Friday, May 22, 2015

A Meditation on Decapitation


As a natural extension of last week’s piece on circumcision, I’ve found myself thinking about decapitation. During my years as a medic, I never had the opportunity to see a decapitation, although I glimpsed gory photos taken by comrades in the field: horrific wrecks in which the car and driver were transformed into convertibles; the motorcyclist who inadvertently raced his cycle beneath the hidden guide wire. There are many dangerous ways to lose your head.

Thoughts of decapitation get the philosophical juices flowing. Does the person feel pain? Is he aware of his surroundings? I’ve often wondered what the victim experiences once the head has been separated from the body. Perhaps nothing. But for the sake of argument, let’s imagine for a moment what it feels like to be beheaded.

First, let’s tackle the pain factor. Although there are over three million pain receptors throughout the human body, there are none within the brain. Thus, the brain itself cannot feel pain, which is why surgeons are able to perform brain surgery on conscious patients. But that doesn’t mean a decapitation isn’t painful, since there are plenty of pain receptors in the neck (ask anyone who’s ever suffered whiplash). So the decapitation would certainly elicit a painful response.

But would the person be aware of the pain? That’s where consciousness comes in.

At its most basic, consciousness is defined as the state of being aware of one’s surroundings. Let’s not digress into the philosophical theories of consciousness, for philosophy is like a wormhole: who knows where we’ll end up. Let’s stick to physiology.

There are several conditions that cause unconsciousness: low blood sugar, psychological stress, and abnormal heart rhythms. But if we’re talking about decapitation, we’re strictly concerned with blood loss, for if the head is detached from the body, blood flow is no longer an option.

Although the brain can survive for up to six minutes after the heart stops beating, consciousness is another story. Since the brain cannot store oxygen, rapid blood loss means unconsciousness occurs in seconds. That’s why you feel lightheaded if you stand up too quickly. The brain picks up on that drop in blood pressure and, as a result, you get dizzy.

So maybe decapitation causes such an immediate loss of blood that unconsciousness is instantaneous. Then again, maybe not.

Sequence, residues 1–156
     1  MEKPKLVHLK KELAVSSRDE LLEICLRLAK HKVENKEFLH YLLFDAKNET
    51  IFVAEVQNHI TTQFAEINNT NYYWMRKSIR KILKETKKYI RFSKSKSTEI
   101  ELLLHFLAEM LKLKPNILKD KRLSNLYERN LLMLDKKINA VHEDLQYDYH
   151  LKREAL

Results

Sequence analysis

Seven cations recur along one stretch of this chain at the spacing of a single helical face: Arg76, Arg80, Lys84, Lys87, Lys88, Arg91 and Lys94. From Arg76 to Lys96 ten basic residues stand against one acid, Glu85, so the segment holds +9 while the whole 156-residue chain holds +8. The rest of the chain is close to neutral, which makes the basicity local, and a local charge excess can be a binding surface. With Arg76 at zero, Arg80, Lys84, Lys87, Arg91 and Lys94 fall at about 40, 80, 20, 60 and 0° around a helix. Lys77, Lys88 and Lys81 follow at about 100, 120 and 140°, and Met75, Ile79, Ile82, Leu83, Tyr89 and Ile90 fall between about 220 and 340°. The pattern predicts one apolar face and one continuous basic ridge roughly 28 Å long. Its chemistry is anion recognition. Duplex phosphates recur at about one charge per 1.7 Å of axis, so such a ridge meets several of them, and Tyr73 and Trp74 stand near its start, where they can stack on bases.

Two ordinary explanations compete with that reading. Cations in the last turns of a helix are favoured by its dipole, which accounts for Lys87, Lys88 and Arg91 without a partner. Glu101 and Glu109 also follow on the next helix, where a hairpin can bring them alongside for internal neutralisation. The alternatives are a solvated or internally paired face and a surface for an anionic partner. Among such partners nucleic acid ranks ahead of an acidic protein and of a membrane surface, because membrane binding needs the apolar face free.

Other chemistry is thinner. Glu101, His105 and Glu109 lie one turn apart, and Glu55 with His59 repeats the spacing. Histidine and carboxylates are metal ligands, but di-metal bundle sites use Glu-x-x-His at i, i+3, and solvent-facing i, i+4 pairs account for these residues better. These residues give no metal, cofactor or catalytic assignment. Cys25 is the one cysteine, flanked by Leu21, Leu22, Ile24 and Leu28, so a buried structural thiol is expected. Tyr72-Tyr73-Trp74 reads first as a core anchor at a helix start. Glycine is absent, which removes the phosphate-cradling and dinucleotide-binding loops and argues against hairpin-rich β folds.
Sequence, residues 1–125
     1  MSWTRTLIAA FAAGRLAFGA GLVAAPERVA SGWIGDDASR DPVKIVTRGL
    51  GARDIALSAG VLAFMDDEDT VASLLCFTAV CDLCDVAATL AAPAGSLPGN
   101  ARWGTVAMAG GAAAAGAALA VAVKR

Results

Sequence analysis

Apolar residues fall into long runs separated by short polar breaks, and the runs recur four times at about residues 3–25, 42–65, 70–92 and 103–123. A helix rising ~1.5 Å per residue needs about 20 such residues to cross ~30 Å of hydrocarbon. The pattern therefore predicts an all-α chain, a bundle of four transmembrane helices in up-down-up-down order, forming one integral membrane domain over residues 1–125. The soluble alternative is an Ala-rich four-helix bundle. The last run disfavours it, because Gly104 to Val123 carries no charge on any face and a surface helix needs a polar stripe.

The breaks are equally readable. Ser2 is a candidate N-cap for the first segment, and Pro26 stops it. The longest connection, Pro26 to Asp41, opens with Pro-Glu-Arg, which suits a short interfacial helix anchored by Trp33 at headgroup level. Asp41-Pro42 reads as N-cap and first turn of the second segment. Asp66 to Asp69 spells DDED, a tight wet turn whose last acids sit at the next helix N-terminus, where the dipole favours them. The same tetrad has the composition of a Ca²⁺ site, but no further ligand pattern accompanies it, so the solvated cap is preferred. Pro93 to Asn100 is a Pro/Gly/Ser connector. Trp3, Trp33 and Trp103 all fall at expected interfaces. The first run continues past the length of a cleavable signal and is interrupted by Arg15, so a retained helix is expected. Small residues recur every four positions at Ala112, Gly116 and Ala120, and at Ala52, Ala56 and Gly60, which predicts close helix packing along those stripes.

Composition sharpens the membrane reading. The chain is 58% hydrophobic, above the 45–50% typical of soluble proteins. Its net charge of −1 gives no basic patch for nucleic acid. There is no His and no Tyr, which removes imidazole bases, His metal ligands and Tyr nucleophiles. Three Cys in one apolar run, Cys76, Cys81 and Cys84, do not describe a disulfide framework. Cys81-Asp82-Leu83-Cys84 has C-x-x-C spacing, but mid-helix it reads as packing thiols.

I’m hardly the first to wonder about the state of mind of the decapitated. The scientific literature is dotted with anecdotal evidence of eyewitness accounts describing facial grimacing, blinking eyes, moving lips, or a wandering gaze. Whether these are conscious movements or simply remnant neuromuscular twitching, we’ll never know. But let’s review the scant evidence, just for argument’s sake.

Back when the French were still enamored of the guillotine, there was a natural curiosity about the experience of the beheaded. It is said that many of those sentenced to death were asked to blink, if they were able, once the guillotine had performed its duty, and there are supposedly reports that some did just that, for up to 30 seconds.

The most famous case is that of the criminal, Languille, who was sentenced to the guillotine for murder. A Dr. Beaurieux observed Languille’s facial expressions immediately following his beheading, which the doctor then recorded in Archives d’Anthropologie Criminelle. They included the blinking of eyes and the movement of lips, which lasted for several seconds. When Languille’s face relaxed, Beaurieux yelled his name and the eyelids slowly rose. Languille focused his gaze on the good doctor before his eyes slid closed again. Beaurieux repeated the exercise and was rewarded with one final, purposeful stare before the eyes glazed over and Languille was declared dead.  

Now that beheading has gone the way of the firing squad, we may never know if the decapitated are aware. Of the few beheadings that still take place – namely the barbaric displays by terrorists – we can’t help but wonder about the victims.

Certainly they feel the pain of the blade, for the methods employed are hardly humane. But once the head is severed, are the victims still aware? Do they experience a fleeting sense of the barbarian standing over them?

God, I hope not.



One of my favorite paintings, that hangs in London's National Gallery - The Execution of Lady Jane Grey, by Delaroche.

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